April 23, 2012 5:16 pm

Wild Swans, Young Vic, London

The Young Vic’s ambitious production captures the broad historical sweep of Jung Chang’s memoir

The first thing you notice as you enter the Young Vic auditorium is the smell. Bowls of soup send a delicious odour wafting across the footlights to the seats. On the stage is a Chinese market in full flow, buyers and sellers mingle amid the baskets and wooden barrows: there is a vigorous impression of teeming life. The visual work is outstanding throughout Sacha Wares’ staging of Jung Chang’s bestselling memoir about her family’s experience of 20th-century China. Miriam Buether’s design stretches across a thin strip of the stage like a Chinese scroll. One scene rolls into another, as the production creates a vivid sense of passing decades and the country’s rollercoaster rush towards the 21st century.

We rattle from bustling market to collective farm, where workers grind up and down the soil-strewn stage. Earth and agricultural implements are then swept away to accommodate a clinically white hospital ward, which in turn is swabbed down to reveal patriotic images on the walls as backdrop to a stirring propaganda tableau. Each time the back wall changes, it seems to strip away another layer of Mao’s China until Wang Gongxin’s video projections appear to extend the depth of the stage for miles to create the huge paddy fields of a labour camp.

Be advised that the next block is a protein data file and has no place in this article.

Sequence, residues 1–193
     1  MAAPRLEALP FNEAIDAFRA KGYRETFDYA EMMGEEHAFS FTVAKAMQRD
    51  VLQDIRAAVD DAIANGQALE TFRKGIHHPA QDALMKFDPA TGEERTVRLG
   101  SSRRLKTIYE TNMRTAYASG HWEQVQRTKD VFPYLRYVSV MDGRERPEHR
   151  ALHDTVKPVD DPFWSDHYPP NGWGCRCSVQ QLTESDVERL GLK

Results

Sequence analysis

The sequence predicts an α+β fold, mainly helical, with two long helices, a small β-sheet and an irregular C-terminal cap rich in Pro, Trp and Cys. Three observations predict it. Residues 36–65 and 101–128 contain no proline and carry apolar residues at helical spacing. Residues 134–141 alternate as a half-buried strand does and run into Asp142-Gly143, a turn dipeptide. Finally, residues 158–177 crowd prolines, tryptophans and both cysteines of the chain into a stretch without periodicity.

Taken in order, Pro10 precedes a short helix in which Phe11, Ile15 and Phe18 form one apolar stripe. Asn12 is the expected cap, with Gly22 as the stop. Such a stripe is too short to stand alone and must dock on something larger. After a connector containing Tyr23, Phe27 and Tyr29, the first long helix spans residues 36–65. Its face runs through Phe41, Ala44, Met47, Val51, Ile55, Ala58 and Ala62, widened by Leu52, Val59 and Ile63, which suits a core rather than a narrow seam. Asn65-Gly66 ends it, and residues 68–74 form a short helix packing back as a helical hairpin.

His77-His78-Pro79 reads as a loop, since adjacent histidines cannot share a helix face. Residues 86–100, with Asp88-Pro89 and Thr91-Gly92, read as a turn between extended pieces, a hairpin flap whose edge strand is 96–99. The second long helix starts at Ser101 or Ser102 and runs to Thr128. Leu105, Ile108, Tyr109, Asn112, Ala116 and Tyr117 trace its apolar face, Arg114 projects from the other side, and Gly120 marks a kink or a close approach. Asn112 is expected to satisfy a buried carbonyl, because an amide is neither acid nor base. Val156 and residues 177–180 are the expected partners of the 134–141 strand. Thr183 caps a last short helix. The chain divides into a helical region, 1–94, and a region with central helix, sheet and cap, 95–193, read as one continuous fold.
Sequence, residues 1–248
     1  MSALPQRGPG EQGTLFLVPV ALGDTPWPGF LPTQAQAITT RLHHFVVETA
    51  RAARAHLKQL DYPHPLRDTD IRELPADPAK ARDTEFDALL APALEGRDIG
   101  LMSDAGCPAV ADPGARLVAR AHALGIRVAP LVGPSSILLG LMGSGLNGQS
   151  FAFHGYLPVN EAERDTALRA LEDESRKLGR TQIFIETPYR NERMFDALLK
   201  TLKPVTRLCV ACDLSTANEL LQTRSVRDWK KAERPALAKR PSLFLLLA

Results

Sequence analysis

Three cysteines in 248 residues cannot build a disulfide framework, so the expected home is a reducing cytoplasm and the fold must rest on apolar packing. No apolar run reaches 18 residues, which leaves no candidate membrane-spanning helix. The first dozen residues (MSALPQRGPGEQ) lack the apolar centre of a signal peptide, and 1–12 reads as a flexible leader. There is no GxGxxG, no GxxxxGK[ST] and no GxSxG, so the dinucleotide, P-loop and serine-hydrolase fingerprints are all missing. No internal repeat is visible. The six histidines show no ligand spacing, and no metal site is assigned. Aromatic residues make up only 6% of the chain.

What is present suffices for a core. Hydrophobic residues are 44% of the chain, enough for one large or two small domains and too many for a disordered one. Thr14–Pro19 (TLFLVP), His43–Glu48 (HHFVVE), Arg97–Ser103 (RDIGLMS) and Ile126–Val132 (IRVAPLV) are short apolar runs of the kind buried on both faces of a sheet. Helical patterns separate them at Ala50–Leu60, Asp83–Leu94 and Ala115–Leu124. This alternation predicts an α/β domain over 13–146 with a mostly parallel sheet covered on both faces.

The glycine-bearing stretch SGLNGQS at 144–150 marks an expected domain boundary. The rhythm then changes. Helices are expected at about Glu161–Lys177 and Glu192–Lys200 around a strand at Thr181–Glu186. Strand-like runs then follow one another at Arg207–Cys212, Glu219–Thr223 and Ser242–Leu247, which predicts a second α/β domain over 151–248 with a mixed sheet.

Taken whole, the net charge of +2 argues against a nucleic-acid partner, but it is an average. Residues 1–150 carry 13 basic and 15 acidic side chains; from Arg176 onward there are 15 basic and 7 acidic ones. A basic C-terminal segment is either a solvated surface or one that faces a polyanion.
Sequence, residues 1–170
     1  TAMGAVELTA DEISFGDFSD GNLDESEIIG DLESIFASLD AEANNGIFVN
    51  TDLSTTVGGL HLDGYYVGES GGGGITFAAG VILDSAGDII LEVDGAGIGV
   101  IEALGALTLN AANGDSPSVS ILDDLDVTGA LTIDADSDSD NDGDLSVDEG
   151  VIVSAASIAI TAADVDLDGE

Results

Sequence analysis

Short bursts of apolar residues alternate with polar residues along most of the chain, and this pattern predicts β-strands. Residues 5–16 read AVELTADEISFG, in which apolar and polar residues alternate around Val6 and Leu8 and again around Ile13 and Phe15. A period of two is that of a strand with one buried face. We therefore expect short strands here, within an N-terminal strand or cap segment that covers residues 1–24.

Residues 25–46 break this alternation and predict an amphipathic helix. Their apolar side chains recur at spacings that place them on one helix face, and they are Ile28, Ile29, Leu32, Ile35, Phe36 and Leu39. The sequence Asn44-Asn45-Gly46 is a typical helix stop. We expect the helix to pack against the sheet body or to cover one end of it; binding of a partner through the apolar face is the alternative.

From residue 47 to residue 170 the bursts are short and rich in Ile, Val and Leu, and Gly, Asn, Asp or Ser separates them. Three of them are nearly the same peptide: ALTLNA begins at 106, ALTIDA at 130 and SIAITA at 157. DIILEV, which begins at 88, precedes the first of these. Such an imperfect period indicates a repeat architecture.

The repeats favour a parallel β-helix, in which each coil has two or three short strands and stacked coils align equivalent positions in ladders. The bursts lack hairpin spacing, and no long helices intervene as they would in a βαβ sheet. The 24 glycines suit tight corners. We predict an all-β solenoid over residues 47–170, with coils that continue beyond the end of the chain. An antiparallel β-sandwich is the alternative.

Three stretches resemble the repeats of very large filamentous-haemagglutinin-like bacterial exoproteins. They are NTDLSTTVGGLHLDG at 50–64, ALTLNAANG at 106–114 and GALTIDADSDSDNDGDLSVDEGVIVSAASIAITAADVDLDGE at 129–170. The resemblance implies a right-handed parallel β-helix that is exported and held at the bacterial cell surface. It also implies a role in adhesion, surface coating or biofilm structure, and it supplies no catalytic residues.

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It is in this camp that the author’s father, Shou-Yu, ends up, and the staging creates a clear picture of individuals caught up in and then crushed by the system. Hope gives way to a bitter sense of betrayal, as Shou-Yu and his wife De-Hong find themselves brutally separated when he refuses to apologise for protesting about the Great Famine. His integrity remains intact to the end – even after his release from prison he refuses to pull strings to get his talented daughter into a foreign university.

Wares’ staging is excellent at suggesting the historical sweep of the story and conveying the dreadful personal cost of political events. What holds it back is the level of engagement with the characters. Alexandra Wood’s adaptation remarkably compresses a vast book into 90 minutes of stage action, but it pays a price. Despite strong performances from Orion Lee and Ka-Ling Cheung we don’t really get close to the protagonists and their changing thoughts and feelings, while the characters of both the daughter and her grandma are seriously underdeveloped. This gives the drama a rather undernourished feel so that it doesn’t quite deliver the ambitious scope of the production.

3 stars

www.youngvic.org

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